Micro Four Thirds vs APSC vs Full Frame Depth of Field Comparison

Micro Four Thirds vs APSC vs Full Frame Depth of Field Comparison

The Internet is full of useful depth of field charts and tables. But sometimes a simple real-world comparison is all you want. In fact this is one of the most frequently asked questions which I receive in my mailbox each month. For the last few years I’ve been exclusively using Micro 4/3 cameras in both my professional and personal life. Then over the last year I introduced a couple of APS-C cameras (Sony a6300 and Canon 200D) and a full frame mirrorless camera (Sony A7rii). All have their own distinct uses.

As a full-time professional out in the real world, ultra-thin depth of field rarely raises its head in the vast majority of day-to-day situations. I’m talking about environmental portraiture, pet photography, landscape and street photography, and wildlife photography. If anything, the additional depth of field (and effective ‘reach’) afforded by the crop factor of the u43 sensor can be quite beneficial at times. When using a full frame camera I would need to stop down somewhat in the same conditions and use a larger and heavier lens. That doesn’t mean that my full frame camera is redundant, I keep it for those occasions when I need ultrahigh resolutions for extremely large print applications (a case in point being a billboard earlier in the year and occasional huge enlargements beyond about 40 inches). But what I like about this particular full frame body is that I can shoot in Super-35 mode which is hugely convenient at times.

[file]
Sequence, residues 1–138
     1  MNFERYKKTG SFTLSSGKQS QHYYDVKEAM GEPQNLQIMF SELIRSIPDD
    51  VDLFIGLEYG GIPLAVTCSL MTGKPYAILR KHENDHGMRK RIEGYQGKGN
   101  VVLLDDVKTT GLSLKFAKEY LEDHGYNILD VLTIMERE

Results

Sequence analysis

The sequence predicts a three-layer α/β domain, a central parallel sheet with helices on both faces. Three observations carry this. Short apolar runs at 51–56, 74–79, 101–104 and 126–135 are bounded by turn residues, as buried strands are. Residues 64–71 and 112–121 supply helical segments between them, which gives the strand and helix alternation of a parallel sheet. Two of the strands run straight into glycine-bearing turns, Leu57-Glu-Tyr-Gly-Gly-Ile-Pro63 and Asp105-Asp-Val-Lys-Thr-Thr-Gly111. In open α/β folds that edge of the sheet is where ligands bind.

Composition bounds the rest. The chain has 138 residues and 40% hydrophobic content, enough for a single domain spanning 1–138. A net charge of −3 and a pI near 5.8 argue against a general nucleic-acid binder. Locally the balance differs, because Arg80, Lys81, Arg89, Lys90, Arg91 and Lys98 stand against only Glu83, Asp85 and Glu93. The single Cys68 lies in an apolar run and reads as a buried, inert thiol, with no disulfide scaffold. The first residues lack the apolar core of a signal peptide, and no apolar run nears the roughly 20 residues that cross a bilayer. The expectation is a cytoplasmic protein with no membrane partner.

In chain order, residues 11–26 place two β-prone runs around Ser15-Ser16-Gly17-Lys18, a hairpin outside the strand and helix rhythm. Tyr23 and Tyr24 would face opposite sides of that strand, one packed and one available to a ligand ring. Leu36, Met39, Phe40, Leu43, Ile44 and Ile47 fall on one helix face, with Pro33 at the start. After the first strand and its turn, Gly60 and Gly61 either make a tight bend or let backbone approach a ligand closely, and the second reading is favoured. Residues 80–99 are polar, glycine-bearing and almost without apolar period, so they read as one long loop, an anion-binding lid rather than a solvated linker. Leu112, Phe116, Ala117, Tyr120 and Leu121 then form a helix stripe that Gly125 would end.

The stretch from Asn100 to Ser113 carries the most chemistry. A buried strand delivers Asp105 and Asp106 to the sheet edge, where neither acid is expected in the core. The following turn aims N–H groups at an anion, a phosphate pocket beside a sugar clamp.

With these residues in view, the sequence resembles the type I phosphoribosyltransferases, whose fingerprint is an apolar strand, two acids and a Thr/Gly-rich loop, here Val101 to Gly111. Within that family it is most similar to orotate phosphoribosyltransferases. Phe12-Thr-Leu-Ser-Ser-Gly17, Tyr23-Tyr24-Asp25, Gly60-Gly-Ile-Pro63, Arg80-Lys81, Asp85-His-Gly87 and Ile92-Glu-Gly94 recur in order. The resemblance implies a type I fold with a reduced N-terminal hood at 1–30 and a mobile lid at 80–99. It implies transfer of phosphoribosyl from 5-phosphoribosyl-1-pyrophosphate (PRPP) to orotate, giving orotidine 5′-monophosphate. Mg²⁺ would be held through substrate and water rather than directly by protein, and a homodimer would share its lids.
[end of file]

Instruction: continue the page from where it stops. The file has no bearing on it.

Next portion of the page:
The respective sensor sizes look something like this (with some slight variation according to your chosen aspect ratio). The Canon APS-C sensor (blue) has a ‘crop factor’ of x1.6 and the u4/3 sensor (yellow) is a little smaller at x2. The full frame sensor (pink) is notably larger than both:

The test target is the clothes airer in my back garden – one of my trees makes a convenient background reference point. I was shooting with the Pansonic GX8, Canon 200D, Sony A7rii. For the purpose of this example I shot each image at f5.6 (and the same aspect ratio) and I’ve framed in the same way for each photograph. I made sure that I stood on exactly the same marker for each picture – maintaining the same camera to subject distance means the background perspective remains constant. Incidentally ‘background blur’ is not the same as ‘bokeh’ which refers only to the characteristics of out of focus areas, particularly point highlights.

Even though the difference in size between a 4/3 sensor and a APSC sensor isn’t all that much, the depth of field difference in the photographs below is nevertheless apparent. The difference between APS-C and full frame is more obvious still. When shooting environmental portraits with my full frame camera, f5.6 is usually where I’m at when using a 70-200 lens at near to intermediate distances. On APS-C I’d be at about f4. The u43 lens lineup makes provision for f2.8 zooms. This gives me good subject separation and enough leeway for a small amount of movement. Very occasionally I’ll use my 85mm f1.8 lens on my A7rii at f2.8 for a controlled full length portrait – placing the focus point becomes ever more critical as depth of field shortens, but for moving subjects stopping down a little is key.

Panasonic GX8:

Micro Four Thirds vs APSC vs Full Frame Depth of Field Comparison

Canon 200D:

Micro Four Thirds vs APSC vs Full Frame Depth of Field Comparison

Sony A7rii:

Micro Four Thirds vs APSC vs Full Frame Depth of Field Comparison

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